ReDo Day fosters compassion

Carley Stelmack

C. Stelmack


On Sept. 12 and 13, Kings High School students had another chance to participate in what has quickly become a tradition.

ReDo Day, a full-day group seminar designed to help students learn empathy and compassion, debuted at Kings last spring and has quickly gained popularity. “ReDo” stands for “Respect Others Despite Odds.” So many students signed up for this week’s round that not everyone was able to attend. But the program will return to the school, and Principal Doug Mader said everyone who wishes to participate will have the opportunity.

High School science teacher Tammi Snell, who helps organize Redo Day, explained the goal:

“ReDo Day is a day designed to help students get to know each other and to realize they are more alike than they are different,” she said.

Students participate in icebreaker events, large group activities, and small group discussions. These activities will help the students learn to feel comfortable with one another. It can be an emotional experience for many, and Snell cited lots of positive feedback from the anonymous surveys the students took after last year’s events.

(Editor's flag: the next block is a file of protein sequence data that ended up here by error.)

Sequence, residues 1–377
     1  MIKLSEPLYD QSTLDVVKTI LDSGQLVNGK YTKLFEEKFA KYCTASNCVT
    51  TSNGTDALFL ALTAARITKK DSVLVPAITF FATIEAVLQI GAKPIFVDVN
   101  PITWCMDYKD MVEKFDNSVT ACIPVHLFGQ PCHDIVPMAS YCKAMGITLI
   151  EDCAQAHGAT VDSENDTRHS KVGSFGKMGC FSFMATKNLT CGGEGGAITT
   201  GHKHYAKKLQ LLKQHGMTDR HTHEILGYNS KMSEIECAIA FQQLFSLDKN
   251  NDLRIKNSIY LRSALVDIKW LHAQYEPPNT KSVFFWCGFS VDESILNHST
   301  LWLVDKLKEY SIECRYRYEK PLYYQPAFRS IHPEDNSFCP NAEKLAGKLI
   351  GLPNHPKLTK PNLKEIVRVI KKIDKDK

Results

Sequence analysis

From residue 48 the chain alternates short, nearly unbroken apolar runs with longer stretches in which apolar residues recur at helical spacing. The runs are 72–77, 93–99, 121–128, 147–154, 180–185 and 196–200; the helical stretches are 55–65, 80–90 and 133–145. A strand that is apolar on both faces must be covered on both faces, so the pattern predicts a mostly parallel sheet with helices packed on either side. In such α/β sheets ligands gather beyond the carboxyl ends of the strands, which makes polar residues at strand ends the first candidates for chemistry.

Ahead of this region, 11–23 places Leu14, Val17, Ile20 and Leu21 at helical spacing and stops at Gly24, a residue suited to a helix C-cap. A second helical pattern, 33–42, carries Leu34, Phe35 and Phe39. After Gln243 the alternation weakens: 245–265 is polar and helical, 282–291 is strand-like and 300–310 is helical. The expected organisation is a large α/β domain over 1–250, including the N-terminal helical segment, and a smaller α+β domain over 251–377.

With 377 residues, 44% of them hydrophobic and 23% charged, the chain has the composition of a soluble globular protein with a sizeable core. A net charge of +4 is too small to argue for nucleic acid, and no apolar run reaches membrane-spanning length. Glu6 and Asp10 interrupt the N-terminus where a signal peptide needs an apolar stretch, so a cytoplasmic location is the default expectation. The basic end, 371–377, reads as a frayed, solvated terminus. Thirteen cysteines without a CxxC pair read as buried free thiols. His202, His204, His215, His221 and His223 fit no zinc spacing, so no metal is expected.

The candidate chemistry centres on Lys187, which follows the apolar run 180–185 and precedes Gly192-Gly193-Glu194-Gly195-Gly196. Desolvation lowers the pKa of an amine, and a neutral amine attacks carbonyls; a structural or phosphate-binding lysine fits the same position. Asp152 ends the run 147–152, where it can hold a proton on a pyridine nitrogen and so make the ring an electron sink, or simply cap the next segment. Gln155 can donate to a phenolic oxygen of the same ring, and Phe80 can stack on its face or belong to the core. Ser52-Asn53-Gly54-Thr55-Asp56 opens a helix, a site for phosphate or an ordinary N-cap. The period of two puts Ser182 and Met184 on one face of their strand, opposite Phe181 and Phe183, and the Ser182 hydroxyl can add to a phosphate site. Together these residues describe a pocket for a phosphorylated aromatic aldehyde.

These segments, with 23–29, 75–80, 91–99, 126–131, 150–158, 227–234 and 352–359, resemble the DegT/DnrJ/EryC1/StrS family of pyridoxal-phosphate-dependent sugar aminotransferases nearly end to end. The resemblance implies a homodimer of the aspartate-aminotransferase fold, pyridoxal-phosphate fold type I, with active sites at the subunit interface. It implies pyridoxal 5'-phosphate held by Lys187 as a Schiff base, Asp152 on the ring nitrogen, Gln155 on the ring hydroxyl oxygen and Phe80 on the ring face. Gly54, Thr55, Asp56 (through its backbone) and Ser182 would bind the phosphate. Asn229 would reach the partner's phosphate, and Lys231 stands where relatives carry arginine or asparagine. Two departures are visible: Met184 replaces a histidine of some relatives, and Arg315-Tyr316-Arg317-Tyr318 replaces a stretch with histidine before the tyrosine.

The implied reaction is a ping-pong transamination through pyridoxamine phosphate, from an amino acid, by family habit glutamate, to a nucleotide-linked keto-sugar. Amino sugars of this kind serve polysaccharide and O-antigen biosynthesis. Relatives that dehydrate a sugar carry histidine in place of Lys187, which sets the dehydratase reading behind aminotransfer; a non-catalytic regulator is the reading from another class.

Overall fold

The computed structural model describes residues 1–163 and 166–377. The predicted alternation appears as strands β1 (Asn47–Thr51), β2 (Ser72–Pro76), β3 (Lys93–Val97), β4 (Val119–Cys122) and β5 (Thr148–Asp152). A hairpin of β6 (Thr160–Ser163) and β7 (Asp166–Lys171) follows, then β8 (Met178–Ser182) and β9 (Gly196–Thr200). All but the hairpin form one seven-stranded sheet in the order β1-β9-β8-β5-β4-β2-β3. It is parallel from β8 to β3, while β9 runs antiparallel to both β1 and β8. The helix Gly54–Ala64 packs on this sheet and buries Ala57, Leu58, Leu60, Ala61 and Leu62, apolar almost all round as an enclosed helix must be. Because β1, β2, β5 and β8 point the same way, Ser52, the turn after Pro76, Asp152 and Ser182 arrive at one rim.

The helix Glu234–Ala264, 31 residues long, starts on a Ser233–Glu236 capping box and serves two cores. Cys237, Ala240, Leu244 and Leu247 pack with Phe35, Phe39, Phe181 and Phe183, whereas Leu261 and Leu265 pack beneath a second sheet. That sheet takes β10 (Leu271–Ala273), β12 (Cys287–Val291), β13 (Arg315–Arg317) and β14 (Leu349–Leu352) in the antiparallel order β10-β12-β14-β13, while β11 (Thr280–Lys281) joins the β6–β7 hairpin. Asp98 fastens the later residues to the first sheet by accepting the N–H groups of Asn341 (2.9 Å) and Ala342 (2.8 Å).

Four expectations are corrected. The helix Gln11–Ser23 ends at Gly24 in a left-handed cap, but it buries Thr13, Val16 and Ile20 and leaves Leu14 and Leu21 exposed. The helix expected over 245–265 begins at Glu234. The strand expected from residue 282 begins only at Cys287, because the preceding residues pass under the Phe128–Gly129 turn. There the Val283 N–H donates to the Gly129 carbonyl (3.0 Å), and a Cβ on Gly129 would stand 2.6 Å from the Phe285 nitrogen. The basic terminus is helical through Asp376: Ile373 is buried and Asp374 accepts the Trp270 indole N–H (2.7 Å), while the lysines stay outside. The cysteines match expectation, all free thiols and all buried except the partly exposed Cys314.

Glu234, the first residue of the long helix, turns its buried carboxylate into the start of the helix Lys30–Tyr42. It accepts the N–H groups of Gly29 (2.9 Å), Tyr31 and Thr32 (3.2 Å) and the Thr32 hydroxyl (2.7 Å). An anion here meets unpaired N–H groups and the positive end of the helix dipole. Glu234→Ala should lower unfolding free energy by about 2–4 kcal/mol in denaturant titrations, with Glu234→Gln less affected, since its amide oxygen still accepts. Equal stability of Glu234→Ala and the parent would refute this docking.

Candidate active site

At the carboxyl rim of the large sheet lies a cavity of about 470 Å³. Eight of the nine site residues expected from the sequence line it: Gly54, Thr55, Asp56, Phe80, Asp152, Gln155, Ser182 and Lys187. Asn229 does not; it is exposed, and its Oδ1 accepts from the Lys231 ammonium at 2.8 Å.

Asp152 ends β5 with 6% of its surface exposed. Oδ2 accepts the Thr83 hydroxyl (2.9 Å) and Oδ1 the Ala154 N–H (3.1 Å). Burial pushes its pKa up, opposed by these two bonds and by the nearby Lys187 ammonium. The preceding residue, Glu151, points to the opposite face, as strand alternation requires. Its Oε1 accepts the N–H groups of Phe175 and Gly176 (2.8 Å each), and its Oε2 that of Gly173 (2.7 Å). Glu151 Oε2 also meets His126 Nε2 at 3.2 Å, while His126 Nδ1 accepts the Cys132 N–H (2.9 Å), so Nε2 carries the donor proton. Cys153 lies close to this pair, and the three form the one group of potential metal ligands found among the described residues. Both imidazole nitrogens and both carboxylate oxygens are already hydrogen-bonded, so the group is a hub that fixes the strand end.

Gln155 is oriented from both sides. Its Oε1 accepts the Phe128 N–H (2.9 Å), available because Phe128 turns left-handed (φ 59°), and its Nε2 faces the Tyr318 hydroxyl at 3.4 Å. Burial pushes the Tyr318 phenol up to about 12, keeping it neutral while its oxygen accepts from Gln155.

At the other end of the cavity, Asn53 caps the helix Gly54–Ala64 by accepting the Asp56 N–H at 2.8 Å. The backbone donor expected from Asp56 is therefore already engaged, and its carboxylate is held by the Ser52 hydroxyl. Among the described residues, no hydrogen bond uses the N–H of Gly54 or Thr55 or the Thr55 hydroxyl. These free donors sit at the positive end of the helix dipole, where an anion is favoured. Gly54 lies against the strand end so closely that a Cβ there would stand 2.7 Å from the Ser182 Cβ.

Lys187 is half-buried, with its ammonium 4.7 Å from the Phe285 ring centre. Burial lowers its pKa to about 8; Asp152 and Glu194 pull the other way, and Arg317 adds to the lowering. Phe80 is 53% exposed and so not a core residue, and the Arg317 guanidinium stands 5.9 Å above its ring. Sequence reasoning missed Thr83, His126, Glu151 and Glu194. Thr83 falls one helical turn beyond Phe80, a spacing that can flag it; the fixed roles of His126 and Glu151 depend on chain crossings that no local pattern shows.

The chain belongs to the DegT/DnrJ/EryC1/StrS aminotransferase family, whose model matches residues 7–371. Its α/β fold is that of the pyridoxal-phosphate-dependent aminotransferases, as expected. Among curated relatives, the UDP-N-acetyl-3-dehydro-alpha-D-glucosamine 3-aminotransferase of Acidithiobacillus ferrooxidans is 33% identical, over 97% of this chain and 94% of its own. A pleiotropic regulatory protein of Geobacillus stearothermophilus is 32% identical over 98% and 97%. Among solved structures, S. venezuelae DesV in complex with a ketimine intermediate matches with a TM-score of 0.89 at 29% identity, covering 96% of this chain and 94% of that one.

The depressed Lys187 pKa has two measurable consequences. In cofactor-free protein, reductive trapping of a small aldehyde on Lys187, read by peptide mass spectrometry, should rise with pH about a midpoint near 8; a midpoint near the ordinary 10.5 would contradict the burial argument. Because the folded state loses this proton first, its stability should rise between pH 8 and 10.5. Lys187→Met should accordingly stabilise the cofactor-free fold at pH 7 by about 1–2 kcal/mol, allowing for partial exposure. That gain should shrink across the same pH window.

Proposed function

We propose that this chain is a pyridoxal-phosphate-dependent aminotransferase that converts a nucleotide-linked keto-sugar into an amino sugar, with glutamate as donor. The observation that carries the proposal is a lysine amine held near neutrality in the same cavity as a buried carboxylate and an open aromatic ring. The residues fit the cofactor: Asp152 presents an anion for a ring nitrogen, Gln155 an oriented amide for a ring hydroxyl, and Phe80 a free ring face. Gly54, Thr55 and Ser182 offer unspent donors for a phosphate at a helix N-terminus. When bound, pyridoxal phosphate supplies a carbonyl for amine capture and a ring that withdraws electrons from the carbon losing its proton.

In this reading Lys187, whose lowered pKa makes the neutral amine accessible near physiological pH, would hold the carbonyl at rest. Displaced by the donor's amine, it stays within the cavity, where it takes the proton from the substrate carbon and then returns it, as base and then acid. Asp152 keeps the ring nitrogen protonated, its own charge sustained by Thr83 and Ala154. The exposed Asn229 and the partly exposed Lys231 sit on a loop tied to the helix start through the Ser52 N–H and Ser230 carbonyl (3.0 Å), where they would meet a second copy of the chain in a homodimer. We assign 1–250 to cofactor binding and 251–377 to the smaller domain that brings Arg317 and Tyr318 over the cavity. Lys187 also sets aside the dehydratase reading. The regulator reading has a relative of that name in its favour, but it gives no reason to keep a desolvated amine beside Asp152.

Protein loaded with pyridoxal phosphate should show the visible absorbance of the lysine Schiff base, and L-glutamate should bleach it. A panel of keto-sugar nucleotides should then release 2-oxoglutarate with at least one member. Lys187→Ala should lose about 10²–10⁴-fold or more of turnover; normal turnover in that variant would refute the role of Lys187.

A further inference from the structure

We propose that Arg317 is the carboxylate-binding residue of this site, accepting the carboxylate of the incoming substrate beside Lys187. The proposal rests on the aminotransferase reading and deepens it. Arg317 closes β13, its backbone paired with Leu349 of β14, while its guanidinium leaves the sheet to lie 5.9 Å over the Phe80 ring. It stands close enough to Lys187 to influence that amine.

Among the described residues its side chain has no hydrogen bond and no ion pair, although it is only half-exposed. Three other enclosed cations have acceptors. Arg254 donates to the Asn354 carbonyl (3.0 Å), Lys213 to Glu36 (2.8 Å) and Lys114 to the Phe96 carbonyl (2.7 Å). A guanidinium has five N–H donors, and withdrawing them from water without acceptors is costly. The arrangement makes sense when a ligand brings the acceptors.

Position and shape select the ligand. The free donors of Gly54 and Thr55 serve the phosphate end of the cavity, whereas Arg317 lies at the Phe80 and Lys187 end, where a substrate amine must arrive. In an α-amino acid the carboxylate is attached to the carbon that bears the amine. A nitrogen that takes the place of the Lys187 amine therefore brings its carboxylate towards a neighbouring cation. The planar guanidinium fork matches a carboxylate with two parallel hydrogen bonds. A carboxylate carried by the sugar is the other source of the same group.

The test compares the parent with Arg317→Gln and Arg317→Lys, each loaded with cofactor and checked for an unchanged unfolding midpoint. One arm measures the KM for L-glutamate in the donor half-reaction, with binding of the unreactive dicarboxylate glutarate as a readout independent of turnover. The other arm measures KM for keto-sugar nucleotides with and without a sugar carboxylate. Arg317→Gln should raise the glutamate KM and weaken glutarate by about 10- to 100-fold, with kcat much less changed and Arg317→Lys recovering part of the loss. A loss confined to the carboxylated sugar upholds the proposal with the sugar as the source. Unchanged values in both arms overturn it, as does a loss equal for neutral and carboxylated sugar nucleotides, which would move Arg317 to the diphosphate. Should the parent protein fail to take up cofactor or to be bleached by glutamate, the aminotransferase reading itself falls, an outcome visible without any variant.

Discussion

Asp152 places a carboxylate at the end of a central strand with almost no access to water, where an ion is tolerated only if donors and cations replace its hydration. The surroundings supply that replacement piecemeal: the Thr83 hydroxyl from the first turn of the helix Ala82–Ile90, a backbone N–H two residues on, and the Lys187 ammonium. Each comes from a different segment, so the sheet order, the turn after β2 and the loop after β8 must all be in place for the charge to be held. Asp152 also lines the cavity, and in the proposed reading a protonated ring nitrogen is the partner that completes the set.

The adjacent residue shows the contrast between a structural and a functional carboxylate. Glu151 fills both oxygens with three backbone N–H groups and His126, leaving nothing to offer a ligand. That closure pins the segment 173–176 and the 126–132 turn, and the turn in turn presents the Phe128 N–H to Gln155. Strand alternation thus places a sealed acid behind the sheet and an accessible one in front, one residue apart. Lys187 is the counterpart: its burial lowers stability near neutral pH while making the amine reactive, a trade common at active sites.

The senior class requested that Kings host ReDo Day again this year, so that people who didn’t participate it last year would have the opportunity. ReDo was held for underclassmen on Thursday, with Friday’s event reserved for seniors.


Kelly Walker

KHS Junior Kelly Walker participated in ReDo Day last year as a sophomore, and said she really enjoyed it. She said she wasn’t sure how she felt about it at first, until they got into some of the “deeper stuff.” Toward the end of Redo Day, participants are encouraged to confront some of their deepest emotions. This is often a powerful experience.

“I really liked it and I walked away being more aware of the people around me,” said Walker.

Walker recalled that she, along with many other students, got very emotional, which surprised her.

“I’m not a very emotional person so I wasn’t expecting to cry, but I got very emotional.”

Junior Kelly Nolan didn’t get the chance to participate in ReDo Day last year but was very excited to see what she could learn from it this time around. Nolan hoped to learn more about classmates whom she doesn’t know very well.

“I hope to learn a new perspective on treating people well.”

ReDo seems to have caught fire all over the region. The following video was created in April by the Violence Free Coalition of Warren County.

Violence Free Coalititon – ReDo Day from JeffHillVideo on Vimeo.

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